Matt Brown understands better than most how much fighters always want the chance to continue fighting.
That said, the veteran UFC welterweight believes that coaches need to be willing to save a fighter from themselves, especially when there’s an instance where an athlete is absorbing an obscene amount of damage without offering up much proof that a comeback is possible.
This past weekend at UFC 283, Lauren Murphy absorbed the second-most significant strikes (231) in a three-round fight in UFC history during her battle with Jessica Andrade. There were several moments where it appeared the referee might actually stop the fight and there were numerous calls on social media for Murphy’s coaches to throw in the towel.
After returning home from Brazil, Murphy praised her coaches for allowing her to continue and defended that decision while stating “it’s a fist fight, sometimes we get beat up, sometimes it might make you uncomfortable — that is your problem.”
For his part, Brown absolutely understands Murphy’s position because he would say the exact same thing but the same doesn’t go for her coaches.
“That’s a corner’s job,” Brown explained on The Fighter vs. The Writer. “If my corner ever stops a fight, I’m going to get pissed at them. But guess what? I’m also going to thank them later, assuming they made a good, educated decision, and that’s one of their primary jobs as a corner is to see a fight objectively knowing your athlete, knowing if there’s a true path to victory for their athlete.”
Because mixed martial arts has produced some truly remarkable comebacks, Brown says it’s natural for every fighter to believe a win is always possible.
Unfortunately there are far more occasions where an athlete just suffers undue punishment when it was clear there was no avenue to walk away victorious and then it just becomes a battle to survive.
“MMA’s crazy right. We’re always like there’s still that chance. Anderson Silva–Chael Sonnen, there’s that chance,” Brown said. “That’s rare though and these guys work with corners and they know their athletes so well and they know. They’ve seen them get through these hard practices and come back from injuries and deal with things that are unrealistic for normal people to deal with. In that third, fourth and fifth round, the whole time the corner’s thinking they’ve still got a chance! This is my guy. They’ve still got a chance. I think that’s an egotistical way to look at it.
“You have to look at it objectively and your job as a corner, not your primary job but one of your main jobs is to protect your fighter. You see it in boxing. When there’s no longer a clear path to victory for their fighter, they stop it. It’s one thing when there’s no clear path to victory but now there’s not a clear path to victory and you’re taking shots, you have to jump in to stop the fight.”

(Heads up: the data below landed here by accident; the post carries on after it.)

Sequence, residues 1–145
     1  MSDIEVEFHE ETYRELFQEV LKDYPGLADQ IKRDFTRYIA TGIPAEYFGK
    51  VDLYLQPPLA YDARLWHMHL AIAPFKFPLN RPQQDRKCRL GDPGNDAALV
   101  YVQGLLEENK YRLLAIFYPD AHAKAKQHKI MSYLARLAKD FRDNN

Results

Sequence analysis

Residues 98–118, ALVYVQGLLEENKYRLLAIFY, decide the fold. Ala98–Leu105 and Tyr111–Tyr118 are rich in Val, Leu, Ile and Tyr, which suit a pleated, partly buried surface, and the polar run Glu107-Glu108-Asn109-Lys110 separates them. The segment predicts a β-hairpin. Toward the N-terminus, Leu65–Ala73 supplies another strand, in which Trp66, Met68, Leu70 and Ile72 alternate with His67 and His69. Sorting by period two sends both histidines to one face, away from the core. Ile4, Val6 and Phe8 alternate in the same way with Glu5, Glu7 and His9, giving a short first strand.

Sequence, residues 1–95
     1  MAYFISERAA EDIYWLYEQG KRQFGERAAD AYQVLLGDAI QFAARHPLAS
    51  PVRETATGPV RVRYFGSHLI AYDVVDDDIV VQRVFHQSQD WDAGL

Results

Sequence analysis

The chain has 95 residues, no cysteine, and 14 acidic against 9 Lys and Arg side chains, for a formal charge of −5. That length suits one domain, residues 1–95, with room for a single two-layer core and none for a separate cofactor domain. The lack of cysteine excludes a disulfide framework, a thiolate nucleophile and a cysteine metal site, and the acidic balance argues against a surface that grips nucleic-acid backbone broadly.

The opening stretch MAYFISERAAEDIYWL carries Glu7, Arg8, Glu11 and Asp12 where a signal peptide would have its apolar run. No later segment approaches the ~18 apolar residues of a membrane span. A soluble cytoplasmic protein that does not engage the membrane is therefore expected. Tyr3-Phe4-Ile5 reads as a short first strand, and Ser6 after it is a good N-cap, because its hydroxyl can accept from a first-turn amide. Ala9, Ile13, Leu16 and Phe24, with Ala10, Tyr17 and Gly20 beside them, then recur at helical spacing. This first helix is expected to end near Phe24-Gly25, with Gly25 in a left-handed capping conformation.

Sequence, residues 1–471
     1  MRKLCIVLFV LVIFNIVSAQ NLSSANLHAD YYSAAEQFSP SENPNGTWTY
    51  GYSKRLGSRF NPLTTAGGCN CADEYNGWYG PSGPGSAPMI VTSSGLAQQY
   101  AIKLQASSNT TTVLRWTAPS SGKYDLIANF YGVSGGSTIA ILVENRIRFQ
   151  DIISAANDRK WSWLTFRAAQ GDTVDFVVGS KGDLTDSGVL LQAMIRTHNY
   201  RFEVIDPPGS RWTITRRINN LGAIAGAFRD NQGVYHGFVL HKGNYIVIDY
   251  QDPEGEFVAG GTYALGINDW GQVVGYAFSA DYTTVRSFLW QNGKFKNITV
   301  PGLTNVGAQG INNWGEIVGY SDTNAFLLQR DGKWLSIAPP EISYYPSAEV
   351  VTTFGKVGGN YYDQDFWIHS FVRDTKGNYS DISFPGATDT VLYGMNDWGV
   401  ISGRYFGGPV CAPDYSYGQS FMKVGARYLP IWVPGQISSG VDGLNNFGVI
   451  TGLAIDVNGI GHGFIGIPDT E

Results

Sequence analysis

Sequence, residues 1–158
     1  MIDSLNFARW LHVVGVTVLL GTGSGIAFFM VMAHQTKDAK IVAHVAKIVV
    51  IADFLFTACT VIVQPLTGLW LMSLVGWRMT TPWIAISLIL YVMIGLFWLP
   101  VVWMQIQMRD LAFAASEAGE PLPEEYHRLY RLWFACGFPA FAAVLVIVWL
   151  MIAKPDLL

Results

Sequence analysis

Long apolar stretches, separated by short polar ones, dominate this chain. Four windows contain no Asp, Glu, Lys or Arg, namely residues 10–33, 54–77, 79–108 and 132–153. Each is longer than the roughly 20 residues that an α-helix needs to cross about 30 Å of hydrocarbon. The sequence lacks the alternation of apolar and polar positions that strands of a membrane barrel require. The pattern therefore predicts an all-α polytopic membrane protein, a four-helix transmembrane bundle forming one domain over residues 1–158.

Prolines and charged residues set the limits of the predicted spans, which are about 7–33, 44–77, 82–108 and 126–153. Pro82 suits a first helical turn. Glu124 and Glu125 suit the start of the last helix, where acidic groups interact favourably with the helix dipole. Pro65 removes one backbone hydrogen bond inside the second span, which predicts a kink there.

In his own career, Brown has engaged in some truly epic wars with past opponents and there’s never been a time when he didn’t want the opportunity to go out on his shield.
The 42-year-old veteran has also spent a lot of time as a coach and he knows that sometimes it’s just better to live to fight another day, which is why he’s an advocate for throwing in the towel when certain situations call for it.
“I’m a savage motherf*****,” Brown said. “I want to see head butts brought back. I want to see bare knuckles. I want to see kicks to downed opponents. I want all this stuff but I would also like to see corners be real coaches and be real corners and step up and stop it for their [fighters].
“I would never tell my corner don’t stop the fight no matter what or I’m going to fire you if you stop it or something like that. Again, I would be totally angry, I would frustrated and hateful toward my corner for doing that in the moment but 20 years from now, I’m going to say thank you for doing that.”
When it comes specifically to Murphy’s situation, Brown sympathizes with the desire to continue but based on everything he witnessed that night, he believes the fight should have been stopped.
“It was clear she had no path to victory and she was taking shots that she wasn’t going to stop taking shots and there was no clear path to victory,” Brown said. “With that said, I would have stopped it seeing it on TV.
“There’s things that you see live when you’re five feet away from the action that maybe you don’t see on TV, which is I think is pretty rare and not the case, but if I was in the corner, I would have stopped the fight, yes.”